Imagine that you have a button in your game and don't want that the user click on it without stop. You want the at least the user waits 2.5 sec until make a new click. Well, all that you need is specify the next parameter after the number of replies in the "adds" methods.

[as]
NResponder.addNative(myButton, MouseEvent.CLICK, clickButton, 0, 2.5);
[/as]

This means that the "clickButton" listener just will happens again if the next click occur after 2.5 sec. If the user make a click during the delay of 2.5 sec that click will be ignored.
The 0 (default) means "no delay".


Has and remove
Just like the EventDispatcher class, NResponder provide a way to you check what is registered inside the NResponderCore and a way to remove it.
The advantage here is that you can combine and do multiple tasks at once.
Let's start with a simple case, you want to know if has in your application any registered Action of "myAction", so:

[as]
NResponder.has('myAction');
[/as]

So simple!
This will return "true" if you have at least one registered NResponder with "myAction". Now, imagine that you want to know if have "myAction" linked with a specific callBack function.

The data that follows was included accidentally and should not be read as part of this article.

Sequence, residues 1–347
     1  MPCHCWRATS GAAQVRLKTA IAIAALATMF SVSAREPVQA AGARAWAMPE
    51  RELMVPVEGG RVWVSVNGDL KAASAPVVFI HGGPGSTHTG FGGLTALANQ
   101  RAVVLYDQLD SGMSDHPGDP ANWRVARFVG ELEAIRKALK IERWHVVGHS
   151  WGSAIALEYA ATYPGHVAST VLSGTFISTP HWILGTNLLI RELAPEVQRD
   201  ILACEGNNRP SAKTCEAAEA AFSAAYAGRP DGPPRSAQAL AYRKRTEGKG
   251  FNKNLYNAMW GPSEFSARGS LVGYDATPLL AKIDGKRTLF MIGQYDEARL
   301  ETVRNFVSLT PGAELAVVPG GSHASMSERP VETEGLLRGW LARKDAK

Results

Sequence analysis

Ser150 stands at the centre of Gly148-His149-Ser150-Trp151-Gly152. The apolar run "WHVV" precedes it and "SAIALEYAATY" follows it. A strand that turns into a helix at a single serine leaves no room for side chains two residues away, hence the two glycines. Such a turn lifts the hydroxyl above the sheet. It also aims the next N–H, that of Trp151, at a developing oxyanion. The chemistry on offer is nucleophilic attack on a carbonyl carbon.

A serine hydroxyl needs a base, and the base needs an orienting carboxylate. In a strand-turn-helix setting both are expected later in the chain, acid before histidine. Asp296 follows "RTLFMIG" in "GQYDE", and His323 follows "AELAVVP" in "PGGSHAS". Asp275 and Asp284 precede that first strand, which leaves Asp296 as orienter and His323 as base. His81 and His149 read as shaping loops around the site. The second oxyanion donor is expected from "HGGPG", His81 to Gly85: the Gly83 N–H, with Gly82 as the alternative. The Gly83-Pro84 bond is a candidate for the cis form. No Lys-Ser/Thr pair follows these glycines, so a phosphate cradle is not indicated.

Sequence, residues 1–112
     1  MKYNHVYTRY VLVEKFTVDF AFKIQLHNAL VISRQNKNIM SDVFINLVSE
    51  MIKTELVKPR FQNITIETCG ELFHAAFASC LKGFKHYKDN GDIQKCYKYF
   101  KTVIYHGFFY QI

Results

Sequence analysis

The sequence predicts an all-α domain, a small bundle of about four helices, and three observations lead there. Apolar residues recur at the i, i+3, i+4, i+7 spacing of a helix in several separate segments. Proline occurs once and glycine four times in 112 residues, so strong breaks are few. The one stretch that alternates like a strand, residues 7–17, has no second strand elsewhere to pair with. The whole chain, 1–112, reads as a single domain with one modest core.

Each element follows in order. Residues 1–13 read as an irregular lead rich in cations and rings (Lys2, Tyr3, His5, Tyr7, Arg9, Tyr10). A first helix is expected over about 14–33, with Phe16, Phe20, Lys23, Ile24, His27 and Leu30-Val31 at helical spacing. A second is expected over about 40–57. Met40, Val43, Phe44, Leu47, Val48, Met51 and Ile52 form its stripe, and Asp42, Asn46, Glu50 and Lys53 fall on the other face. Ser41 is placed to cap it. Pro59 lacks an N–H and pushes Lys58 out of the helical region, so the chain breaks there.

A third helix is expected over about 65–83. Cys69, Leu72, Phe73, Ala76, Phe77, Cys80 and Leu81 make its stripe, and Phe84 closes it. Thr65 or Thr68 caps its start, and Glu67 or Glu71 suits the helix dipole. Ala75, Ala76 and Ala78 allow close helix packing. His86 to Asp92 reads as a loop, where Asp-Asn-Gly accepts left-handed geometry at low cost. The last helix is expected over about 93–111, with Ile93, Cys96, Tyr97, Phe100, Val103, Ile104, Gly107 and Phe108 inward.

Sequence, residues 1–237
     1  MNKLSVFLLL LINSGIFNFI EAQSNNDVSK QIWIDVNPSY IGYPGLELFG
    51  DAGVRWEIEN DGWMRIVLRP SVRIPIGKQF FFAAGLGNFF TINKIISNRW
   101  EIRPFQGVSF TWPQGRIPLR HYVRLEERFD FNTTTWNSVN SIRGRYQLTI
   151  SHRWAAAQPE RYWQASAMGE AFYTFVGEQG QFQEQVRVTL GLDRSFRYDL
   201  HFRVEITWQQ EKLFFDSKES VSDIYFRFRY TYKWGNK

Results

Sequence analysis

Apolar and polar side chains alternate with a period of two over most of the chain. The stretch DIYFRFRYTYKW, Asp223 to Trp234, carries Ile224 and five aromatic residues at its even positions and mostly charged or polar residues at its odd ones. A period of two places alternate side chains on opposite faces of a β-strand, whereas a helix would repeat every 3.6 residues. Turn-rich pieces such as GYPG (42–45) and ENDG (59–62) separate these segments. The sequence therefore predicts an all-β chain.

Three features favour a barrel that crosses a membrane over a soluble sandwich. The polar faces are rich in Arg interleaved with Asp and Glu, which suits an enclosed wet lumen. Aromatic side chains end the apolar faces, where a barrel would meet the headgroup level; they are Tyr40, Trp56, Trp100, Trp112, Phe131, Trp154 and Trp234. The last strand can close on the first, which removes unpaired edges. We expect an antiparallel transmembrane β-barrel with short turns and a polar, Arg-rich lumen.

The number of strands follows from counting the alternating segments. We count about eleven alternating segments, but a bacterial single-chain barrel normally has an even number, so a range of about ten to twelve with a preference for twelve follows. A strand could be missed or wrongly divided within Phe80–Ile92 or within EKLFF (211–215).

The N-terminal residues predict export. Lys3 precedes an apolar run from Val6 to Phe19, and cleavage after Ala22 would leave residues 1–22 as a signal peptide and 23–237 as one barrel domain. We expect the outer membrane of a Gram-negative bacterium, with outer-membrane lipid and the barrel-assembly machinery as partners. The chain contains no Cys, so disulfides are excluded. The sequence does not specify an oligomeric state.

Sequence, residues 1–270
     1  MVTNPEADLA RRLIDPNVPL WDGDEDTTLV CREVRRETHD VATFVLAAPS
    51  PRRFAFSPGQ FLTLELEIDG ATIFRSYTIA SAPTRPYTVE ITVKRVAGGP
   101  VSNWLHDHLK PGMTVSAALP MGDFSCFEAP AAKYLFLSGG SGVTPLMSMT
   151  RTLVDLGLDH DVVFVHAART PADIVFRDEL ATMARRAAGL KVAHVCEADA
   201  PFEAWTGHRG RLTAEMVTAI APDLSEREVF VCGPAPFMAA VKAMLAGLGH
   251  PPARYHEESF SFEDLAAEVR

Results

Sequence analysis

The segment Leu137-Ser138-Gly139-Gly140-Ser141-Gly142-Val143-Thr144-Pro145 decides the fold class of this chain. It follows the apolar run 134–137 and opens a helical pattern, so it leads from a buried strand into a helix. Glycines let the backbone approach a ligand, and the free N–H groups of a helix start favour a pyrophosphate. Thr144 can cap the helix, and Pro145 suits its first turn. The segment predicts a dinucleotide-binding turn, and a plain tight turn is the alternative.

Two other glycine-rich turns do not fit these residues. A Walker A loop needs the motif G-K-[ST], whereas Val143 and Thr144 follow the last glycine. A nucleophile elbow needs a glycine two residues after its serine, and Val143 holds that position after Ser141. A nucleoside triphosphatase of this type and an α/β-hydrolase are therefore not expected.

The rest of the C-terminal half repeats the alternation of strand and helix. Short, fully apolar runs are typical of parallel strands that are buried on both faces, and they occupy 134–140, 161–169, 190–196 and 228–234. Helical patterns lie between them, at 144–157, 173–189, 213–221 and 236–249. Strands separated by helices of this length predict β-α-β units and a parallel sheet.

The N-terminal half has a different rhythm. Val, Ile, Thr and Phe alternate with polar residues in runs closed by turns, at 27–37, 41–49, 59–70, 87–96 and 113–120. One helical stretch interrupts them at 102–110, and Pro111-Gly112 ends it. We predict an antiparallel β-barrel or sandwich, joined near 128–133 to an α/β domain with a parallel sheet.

[as]
NResponder.has('myAction', myFunction);
[/as]

This will return "true" if you have at least one registered NResponder with "myAction" as Action and "myFunction" as Listener.
And at last, you can check if this is true for a specific target.

[as]
NResponder.has('myAction', myFunction, myTarget);
[/as]

This will return "true" if you have at least one registered NResponder with "myAction" as Action and "myFunction" as Listener and "myTarget" as Target.
The fun thing here, is that you can combine these 3 parameters. At this way:

[as]
NResponder.has('myAction', null, myTarget);
NResponder.has(null, myFunction, myTarget);
NResponder.has(null, myFunction, null);
NResponder.has(null, null, myTarget);
[/as]

The four line above means:
  1. Has at least one registered NResponder with "myAction" as Action and "myTarget" as Target?
  2. Has at least one registered NResponder with "myTarget" responding to "myFunction"?
  3. Has at least one registered NResponder responding to "myFunction", independently of Actions and Target?
  4. Has at least one registered NResponder with "myTarget" as target, independently of callBack functions and Actions?
The null means that you want to ignore that parameter and focus on the others. These combination can be very helpful in the case that you don't have more access to one or two of those parameters.

But the most helpful of the combination feature is on remove. You can remove a lot of NResponders with just one line of code.
The remove() method works exactly same as has() method:

[as]
NResponder.remove(null, null, myTarget);
[/as]

The line above means that you'll remove all the NResponder of a specific Target ("myTarget").